It’s Decision Day for the Federal Reserve, and it was an easy decision. The FOMC wrapped up a two-day policy session with a statement that interest rates will remain unchanged near zero; where they have been stuck for 7 full years. The Fed’s statement left open the possibility that the Fed will raise rates at its final meeting of the year, in December. While noting that job growth has slowed, it said that other economic indicators remained relatively strong and the domestic economy “has been expanding at a moderate pace”.
The Fed also signaled that its concerns about the global economy have diminished. In the statement from the meeting in September the Fed said global economic and financial developments might restrain domestic growth. In today’s statement they just say the Fed “is monitoring global economic and financial developments.”
The next FOMC meeting is scheduled for December 15 and 16. Fed chairwoman Janet L. Yellen said in a late September speech that she still expected to raise rates this year, as long as economic growth continued. Stanley Fischer, the Fed’s vice chairman, said much the same a few weeks later. Many Fed policymakers have been saying they will raise interest rates since March, but there are also doves among the Fed, arguing against rate hikes.
Today’s decision to keep rates near zero was supported by nine of the ten members of the Federal Open Market Committee. Jeffrey Lacker, president of the Federal Reserve Bank of Richmond, once again dissented, as he did at the September meeting, arguing the Fed should start to raise rates now. Of course any decision would need to be supported by better economic data, and for now at least, the economy can’t seem to build any real momentum.
The Fed will raise interest rates …, someday. But it won’t be easy. We’ve been locked into near zero since December 2008, but that was during rough times; the economy lost 576,000 jobs that month. Things have improved quite a bit since those dark days. But there are still risks and no guarantees that recovery can continue without monetary stimulus. The recovery has received almost no fiscal stimulus – to the contrary. The lack of fiscal stimulus has been one of the main reasons why the recovery has been so sluggish, even as the economy has shown consistent growth.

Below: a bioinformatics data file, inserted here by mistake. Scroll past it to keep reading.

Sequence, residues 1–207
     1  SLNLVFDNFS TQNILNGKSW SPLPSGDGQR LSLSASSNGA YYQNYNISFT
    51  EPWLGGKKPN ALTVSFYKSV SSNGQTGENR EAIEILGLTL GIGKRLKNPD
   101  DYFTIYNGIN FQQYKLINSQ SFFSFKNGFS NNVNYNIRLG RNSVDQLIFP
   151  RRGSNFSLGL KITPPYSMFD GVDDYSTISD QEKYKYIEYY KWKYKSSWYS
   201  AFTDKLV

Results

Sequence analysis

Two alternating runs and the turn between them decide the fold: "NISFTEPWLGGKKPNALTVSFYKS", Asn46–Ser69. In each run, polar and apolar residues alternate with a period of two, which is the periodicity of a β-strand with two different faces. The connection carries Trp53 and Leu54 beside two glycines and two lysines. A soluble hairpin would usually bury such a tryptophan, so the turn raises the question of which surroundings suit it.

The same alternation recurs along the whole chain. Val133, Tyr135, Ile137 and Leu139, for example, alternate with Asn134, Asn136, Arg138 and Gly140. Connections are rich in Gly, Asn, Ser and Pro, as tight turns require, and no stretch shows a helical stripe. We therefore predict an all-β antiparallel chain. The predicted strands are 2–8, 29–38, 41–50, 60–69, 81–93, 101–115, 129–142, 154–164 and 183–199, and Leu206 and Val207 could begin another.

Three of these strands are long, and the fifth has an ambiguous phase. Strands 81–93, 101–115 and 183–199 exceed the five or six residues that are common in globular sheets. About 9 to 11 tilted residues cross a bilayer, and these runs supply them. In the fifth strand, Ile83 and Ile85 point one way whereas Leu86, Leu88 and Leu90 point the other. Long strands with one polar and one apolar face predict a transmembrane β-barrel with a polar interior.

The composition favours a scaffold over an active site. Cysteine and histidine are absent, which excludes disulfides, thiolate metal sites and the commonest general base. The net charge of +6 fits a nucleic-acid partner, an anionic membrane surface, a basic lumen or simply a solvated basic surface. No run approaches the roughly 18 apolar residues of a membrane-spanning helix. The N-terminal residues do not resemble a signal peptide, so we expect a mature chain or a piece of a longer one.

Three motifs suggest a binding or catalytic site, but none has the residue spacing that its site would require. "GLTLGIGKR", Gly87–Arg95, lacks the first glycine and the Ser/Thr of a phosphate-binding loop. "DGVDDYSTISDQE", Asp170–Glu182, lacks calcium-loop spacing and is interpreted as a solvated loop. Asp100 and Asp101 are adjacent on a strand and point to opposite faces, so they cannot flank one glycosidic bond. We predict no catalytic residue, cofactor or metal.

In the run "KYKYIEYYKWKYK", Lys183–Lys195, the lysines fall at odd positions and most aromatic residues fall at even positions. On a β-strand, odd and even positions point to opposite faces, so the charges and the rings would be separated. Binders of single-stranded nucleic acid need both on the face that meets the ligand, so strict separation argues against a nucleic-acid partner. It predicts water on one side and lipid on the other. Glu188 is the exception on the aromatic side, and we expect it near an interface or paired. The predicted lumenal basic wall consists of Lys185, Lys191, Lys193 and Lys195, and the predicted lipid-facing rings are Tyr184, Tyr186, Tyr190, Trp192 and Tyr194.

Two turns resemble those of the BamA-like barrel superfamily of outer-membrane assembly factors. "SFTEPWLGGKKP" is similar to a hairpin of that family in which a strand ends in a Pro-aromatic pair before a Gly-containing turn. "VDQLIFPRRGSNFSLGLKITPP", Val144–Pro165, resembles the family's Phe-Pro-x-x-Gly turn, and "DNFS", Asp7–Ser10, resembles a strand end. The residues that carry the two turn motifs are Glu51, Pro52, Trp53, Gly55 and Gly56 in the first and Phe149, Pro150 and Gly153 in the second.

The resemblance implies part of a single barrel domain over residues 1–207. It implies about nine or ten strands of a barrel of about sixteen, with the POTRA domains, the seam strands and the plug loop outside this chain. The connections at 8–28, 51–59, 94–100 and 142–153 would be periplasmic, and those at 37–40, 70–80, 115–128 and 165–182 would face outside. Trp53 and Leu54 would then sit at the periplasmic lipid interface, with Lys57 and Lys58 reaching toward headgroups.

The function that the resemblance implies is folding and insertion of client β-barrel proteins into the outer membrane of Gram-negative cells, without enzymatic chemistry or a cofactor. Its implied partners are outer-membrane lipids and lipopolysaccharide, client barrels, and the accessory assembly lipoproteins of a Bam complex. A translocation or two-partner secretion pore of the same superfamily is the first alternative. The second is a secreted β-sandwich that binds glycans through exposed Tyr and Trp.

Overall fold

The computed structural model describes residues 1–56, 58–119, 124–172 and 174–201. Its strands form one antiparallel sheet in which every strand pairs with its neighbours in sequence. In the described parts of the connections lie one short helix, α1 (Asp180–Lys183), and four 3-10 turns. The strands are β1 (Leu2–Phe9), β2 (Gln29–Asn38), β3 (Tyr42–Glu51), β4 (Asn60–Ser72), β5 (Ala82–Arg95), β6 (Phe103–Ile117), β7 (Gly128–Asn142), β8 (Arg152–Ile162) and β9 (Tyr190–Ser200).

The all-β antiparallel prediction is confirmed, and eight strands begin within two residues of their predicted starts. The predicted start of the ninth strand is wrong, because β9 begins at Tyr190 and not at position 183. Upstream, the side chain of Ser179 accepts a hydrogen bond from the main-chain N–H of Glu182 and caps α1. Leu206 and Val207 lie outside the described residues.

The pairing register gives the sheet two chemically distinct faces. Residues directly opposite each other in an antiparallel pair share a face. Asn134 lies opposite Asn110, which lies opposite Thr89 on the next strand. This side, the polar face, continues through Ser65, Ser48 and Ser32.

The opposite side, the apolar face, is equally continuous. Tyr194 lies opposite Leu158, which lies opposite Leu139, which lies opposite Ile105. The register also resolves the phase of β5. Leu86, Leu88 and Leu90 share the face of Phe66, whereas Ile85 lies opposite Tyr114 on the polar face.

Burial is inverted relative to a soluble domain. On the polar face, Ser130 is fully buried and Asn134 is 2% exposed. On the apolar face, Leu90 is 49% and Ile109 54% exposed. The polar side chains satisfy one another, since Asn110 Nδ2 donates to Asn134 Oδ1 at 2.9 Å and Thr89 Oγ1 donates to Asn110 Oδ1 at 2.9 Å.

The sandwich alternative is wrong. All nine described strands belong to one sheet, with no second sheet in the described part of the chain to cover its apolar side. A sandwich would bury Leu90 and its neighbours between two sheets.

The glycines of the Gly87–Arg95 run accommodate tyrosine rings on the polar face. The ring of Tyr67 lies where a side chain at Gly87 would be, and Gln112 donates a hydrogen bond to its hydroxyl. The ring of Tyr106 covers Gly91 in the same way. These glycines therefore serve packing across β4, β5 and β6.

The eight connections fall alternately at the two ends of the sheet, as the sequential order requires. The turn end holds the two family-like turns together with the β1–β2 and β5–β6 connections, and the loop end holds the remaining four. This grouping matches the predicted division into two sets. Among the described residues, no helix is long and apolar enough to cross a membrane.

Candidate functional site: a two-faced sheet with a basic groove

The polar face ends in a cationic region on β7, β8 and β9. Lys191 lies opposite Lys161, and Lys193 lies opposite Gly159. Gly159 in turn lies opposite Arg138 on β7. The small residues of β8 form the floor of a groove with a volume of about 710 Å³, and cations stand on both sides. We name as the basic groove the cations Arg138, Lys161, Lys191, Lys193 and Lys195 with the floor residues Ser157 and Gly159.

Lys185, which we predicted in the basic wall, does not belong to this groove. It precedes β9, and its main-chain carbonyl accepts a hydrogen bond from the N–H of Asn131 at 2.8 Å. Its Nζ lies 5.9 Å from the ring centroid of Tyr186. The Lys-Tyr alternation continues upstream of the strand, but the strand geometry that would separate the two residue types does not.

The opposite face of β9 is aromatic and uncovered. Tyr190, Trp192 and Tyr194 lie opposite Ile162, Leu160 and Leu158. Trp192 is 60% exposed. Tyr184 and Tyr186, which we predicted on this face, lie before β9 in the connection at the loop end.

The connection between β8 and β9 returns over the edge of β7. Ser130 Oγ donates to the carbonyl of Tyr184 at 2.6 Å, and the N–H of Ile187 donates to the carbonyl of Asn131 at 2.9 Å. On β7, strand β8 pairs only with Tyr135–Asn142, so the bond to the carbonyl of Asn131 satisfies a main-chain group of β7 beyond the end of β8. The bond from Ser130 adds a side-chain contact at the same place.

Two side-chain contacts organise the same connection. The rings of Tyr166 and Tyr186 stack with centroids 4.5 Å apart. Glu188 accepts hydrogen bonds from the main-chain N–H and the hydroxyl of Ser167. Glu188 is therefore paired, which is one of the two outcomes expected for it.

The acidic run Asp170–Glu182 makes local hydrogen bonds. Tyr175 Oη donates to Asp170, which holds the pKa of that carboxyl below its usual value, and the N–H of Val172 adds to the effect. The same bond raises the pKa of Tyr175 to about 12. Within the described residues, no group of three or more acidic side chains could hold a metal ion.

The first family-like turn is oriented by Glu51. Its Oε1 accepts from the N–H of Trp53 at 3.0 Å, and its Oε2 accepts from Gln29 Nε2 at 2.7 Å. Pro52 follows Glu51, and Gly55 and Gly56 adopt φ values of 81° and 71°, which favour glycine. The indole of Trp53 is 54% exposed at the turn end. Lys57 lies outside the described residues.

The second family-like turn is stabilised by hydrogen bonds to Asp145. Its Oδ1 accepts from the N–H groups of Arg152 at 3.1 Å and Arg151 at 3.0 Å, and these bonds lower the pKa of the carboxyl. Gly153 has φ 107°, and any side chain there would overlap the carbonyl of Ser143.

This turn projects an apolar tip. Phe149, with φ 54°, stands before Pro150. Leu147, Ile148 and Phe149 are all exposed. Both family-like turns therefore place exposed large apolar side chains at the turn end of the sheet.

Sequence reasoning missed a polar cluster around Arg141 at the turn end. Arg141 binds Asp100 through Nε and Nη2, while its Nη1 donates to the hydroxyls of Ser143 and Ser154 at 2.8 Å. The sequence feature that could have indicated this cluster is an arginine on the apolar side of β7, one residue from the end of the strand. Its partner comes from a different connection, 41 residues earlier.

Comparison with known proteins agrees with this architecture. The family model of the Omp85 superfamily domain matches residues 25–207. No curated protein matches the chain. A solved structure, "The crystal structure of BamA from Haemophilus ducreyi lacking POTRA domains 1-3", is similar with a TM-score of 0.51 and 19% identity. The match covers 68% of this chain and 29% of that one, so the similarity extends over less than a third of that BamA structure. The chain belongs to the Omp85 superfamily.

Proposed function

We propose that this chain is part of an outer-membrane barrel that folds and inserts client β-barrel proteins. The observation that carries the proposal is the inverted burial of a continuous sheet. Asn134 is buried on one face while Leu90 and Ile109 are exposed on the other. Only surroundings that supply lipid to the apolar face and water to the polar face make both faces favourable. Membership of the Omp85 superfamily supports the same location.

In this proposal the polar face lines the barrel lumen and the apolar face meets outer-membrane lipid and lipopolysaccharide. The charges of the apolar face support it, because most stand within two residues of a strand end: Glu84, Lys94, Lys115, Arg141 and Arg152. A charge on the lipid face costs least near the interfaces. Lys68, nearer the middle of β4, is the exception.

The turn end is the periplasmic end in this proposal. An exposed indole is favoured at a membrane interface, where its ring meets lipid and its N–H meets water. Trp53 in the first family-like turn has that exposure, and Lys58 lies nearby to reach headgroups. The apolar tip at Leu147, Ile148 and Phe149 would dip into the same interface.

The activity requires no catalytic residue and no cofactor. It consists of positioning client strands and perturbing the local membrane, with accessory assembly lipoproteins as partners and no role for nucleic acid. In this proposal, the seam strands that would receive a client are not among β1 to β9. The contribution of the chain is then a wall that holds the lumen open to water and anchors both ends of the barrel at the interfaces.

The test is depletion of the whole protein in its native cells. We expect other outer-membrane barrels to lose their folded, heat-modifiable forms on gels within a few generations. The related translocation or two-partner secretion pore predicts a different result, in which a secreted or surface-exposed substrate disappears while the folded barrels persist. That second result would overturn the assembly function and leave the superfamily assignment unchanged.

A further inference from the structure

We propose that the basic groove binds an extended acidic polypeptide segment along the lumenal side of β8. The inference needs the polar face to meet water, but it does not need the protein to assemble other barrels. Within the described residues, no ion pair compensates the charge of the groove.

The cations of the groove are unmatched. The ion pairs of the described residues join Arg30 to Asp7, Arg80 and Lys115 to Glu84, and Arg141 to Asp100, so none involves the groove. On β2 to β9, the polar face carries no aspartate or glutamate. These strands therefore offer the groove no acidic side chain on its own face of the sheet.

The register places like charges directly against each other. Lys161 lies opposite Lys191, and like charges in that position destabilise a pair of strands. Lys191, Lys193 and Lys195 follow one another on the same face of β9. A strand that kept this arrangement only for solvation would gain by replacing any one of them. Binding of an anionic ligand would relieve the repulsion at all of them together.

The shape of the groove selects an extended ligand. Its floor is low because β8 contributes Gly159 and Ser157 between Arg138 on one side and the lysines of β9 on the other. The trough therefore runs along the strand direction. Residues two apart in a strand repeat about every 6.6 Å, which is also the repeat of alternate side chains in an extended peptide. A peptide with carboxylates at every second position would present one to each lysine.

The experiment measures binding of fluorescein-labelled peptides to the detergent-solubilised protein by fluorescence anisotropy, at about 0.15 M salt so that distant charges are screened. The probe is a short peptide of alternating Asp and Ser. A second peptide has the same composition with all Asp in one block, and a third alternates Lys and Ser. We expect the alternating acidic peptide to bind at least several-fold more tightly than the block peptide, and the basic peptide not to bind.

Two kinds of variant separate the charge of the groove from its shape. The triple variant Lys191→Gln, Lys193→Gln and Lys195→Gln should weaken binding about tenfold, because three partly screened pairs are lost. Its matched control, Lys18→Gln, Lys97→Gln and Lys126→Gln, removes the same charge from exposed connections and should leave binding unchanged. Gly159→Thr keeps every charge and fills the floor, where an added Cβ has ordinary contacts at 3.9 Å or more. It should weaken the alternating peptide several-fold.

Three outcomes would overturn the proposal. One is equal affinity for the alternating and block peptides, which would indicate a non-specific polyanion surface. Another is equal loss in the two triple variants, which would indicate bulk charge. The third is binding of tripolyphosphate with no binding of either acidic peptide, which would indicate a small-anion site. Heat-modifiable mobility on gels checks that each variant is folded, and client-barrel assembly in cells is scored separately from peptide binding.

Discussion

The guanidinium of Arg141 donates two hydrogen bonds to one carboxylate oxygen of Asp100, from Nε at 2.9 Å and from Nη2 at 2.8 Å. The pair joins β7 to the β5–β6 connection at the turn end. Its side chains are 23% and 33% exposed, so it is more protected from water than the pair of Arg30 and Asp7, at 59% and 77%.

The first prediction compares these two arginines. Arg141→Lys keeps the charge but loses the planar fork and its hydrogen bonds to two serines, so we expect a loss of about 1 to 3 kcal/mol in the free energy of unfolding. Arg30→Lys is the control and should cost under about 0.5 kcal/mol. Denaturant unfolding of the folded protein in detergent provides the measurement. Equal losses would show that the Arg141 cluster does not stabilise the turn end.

Even as the federal debt grew substantially in recent years, the government’s annual interest payments barely increased thanks to the Fed’s efforts to minimize borrowing costs. Higher rates mean higher debt servicing costs which would choke off any possibility of fiscal policy shouldering the burden of recovery.
The labor market has recovered most of the ground lost during the downturn but there is still slack. Full employment is a loose target and the Fed doesn’t really know when we will hit it. We’re close but not there yet. Workers remain underutilized and discouraged. Wages have not shown strength, certainly not enough to push inflation, which remains well below the Fed’s 2% target. And while the price of oil has an outsized influence on broader prices, the Fed has little control over the commodity markets one way or the other.
The Fed also has little control over long term interest rates, they just set the target for very short-term rates; still, if they raise the target, you could expect the rates on everything from cars to credit cards to mortgages to jump, along with a stronger dollar. And this is where it gets tricky. A stronger dollar would hurt US exports while also making imports cheaper; in other words the possibility of a slowing economy combined with disinflation. Further, it could hurt emerging market economies, as their currencies buy less and their resources sell for less. Higher rates would be good news for savers, who now earn near zero, but for now they have to take on more risk, which is why Wall Street enjoyed a nice rally on today’s news.
The House has approved the reauthorization of the U.S. Export-Import Bank, marking a big victory for business groups that had fought to secure its revival. The bank’s future, however, may not be fully resolved until December. The House bill now goes to the Senate, which recently approved a similar measure as part of an unrelated transportation bill.
Following years of intense debate, the Senate has passed a controversial bill that will see the Department of Homeland Security become a hub for sharing information about cyber-attacks within the government and the private sector. The Cybersecurity Information Sharing Act, known as CISA, would give legal protection to companies that share information about cyber-threats with the government and with each other.